Stamford High School to Hold Its First TFA Speech Tournament

The Stamford High School Speech team will be hosting a TFA Tournament on Saturday, September 24. Members of the team include Brett Patterson, Lane Patton, Eurtis Downs, Cassie King and Garrett Arendall (Carson Holt not pictured)
The Stamford High School Speech team will be hosting a TFA Tournament on Saturday, September 24. Members of the team include Brett Patterson, Lane Patton, Eurtis Downs, Cassie King and Garrett Arendall (Carson Holt not pictured)

By Will McClure


Over the many years of Stamford High School’s existence, there has been a certain pedigree of academic success from the students, both in the classroom as well as competing in contests sponsored by the University Interscholastic League. Traditionally at these UIL events, Stamford students compete against other schools in the same Class AA classification in events ranging from Literary Criticism to Speech events. However, over the last year, a group of students, coached by Mr. Craig Gilbert, have embarked on a new venture in speech competitions by competing in events sponsored by the Texas Forensic Association, or TFA. Under the umbrella of the National Speech and Debate Association, the TFA offers students the chance to compete against all other schools ranging all of the way from 6A to 1A and private/charter schools in events such as Dramatic Interpretation and Original Oratory. As such, the TFA sponsors numerous tournaments throughout the state to allow students the opportunity to earn points to, hopefully, make it all of the way to State competition and qualify for Nationals. With the need to hold so many tournaments, schools offer to host these tournaments that are held for the entire school year until the State competition. As such, Stamford High School, now entering its 2nd year competing within the TFA, will host one of these tournaments on September 24 where schools can come and compete in speech events as well as allow Stamford High School a fundraising opportunity. With the tournament day drawing closer, Mr. Gilbert was able to discuss the tournament itself, including the Stamford team’s role as well as how the Stamford community can help with the tournament itself.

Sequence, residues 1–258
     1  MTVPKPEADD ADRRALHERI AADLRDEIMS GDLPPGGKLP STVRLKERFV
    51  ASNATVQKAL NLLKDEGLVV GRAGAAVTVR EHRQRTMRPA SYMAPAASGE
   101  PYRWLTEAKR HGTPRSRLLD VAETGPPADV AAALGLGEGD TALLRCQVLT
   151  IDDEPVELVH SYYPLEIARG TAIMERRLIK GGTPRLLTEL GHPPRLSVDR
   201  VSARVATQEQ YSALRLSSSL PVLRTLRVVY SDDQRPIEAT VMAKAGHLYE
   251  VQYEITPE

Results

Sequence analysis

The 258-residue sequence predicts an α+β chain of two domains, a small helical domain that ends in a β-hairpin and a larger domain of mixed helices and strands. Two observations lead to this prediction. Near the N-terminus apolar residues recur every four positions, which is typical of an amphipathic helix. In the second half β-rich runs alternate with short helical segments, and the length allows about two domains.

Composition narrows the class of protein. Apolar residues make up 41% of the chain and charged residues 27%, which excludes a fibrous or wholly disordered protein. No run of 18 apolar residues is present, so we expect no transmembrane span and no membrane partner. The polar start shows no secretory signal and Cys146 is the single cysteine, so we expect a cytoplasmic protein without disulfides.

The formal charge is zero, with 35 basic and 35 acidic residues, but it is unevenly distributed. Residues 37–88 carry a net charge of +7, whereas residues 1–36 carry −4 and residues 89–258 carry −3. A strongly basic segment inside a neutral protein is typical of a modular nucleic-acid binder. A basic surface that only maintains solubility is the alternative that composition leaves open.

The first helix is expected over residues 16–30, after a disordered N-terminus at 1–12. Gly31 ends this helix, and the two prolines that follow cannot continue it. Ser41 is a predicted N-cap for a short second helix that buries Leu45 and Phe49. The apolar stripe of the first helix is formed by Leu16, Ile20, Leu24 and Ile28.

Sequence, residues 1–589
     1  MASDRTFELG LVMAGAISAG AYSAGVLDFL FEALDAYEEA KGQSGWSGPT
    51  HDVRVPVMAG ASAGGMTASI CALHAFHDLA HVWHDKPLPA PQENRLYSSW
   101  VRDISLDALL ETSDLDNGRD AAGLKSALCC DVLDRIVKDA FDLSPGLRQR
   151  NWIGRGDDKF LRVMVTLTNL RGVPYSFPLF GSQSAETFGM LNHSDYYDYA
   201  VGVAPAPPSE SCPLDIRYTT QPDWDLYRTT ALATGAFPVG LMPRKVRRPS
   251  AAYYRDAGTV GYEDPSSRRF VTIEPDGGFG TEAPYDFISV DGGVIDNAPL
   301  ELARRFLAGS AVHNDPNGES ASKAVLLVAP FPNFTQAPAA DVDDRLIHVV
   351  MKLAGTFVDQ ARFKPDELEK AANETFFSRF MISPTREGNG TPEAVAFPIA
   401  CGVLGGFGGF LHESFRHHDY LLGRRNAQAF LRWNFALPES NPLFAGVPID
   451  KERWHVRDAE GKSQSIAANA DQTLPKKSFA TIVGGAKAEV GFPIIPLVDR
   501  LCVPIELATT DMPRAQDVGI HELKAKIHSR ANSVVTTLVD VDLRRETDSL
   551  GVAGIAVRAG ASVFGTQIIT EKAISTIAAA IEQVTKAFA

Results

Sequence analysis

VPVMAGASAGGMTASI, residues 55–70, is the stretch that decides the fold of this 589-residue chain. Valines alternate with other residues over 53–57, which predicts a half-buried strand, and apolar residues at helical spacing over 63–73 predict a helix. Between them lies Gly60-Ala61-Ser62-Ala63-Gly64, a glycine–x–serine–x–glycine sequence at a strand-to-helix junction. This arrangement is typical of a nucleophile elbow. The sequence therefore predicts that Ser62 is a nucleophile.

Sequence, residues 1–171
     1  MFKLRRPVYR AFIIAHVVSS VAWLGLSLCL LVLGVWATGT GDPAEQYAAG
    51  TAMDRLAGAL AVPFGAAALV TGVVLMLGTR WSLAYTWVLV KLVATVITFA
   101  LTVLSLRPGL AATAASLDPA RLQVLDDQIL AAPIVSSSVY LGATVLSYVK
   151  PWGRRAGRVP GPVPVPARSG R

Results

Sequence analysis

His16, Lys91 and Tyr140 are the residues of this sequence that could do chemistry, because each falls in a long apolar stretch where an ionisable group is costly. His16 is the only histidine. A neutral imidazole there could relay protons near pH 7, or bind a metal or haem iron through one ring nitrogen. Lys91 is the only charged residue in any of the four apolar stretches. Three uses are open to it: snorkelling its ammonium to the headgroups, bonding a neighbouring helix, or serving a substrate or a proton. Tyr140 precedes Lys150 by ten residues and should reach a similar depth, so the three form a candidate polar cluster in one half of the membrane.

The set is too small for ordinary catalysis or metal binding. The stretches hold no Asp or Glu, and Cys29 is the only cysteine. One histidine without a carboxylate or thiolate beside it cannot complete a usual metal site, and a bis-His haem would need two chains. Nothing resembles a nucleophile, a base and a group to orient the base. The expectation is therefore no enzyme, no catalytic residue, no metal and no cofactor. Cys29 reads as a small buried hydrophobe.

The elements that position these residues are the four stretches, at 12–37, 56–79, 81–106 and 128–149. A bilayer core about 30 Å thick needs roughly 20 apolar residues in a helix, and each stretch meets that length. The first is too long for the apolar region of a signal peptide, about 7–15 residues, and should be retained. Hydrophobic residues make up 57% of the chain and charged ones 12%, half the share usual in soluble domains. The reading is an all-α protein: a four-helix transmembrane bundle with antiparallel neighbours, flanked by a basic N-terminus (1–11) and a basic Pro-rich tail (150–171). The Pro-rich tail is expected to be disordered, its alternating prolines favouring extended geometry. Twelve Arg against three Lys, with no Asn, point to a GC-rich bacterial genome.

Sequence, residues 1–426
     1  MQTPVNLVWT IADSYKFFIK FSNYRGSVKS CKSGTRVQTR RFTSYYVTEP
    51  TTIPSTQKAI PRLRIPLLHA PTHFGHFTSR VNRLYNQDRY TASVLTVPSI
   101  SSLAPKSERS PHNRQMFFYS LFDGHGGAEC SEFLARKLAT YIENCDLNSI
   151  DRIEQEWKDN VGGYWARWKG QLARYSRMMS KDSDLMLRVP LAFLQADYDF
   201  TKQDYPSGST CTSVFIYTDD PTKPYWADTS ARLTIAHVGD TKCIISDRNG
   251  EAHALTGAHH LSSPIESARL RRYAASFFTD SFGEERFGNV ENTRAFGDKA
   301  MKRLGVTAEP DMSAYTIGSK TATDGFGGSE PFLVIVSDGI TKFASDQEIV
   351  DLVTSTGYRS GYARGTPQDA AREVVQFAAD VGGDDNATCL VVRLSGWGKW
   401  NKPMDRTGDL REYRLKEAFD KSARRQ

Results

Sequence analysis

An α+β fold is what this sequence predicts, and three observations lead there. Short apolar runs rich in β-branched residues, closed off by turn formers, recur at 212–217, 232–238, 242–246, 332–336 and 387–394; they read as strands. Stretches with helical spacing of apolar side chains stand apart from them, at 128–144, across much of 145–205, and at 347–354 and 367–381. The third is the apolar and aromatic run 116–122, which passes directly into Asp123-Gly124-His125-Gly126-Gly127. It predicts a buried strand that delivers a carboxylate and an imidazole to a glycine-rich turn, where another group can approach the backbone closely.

In what is known as an “Individual Qualifying Events,” the Stamford TFA tournament will function as one of many tournaments that schools will participate in from now until February where they can qualify for a Finals tournament in which if they can earn 12 points, they will then qualify for the State Tournament. Putting on more events than the UIL throughout the year and with a wide range of individual events, the Stamford tournament currently offers 15 events for schools to compete in, with many more that could be offered that the TFA recognizes. To compete in a tournament such as the one in Stamford, participating schools must pay an entry fee, which in turn helps act as a fundraiser for the Stamford speech team. To help cut expenses in putting on the tournament and reduce the number of fundraisers the team has to complete in the community, individuals can volunteer to judge the event, which as of this writing stands as 45 volunteers to judge, with Gilbert saying that they can always use more. Gilbert said that the more volunteers that they can get to judge, the more that the speech team can put back from the entry fees as funds raised. While this is a great opportunity to help the team raise funds and have a TFA event at their school, there is, however, a catch in doing so.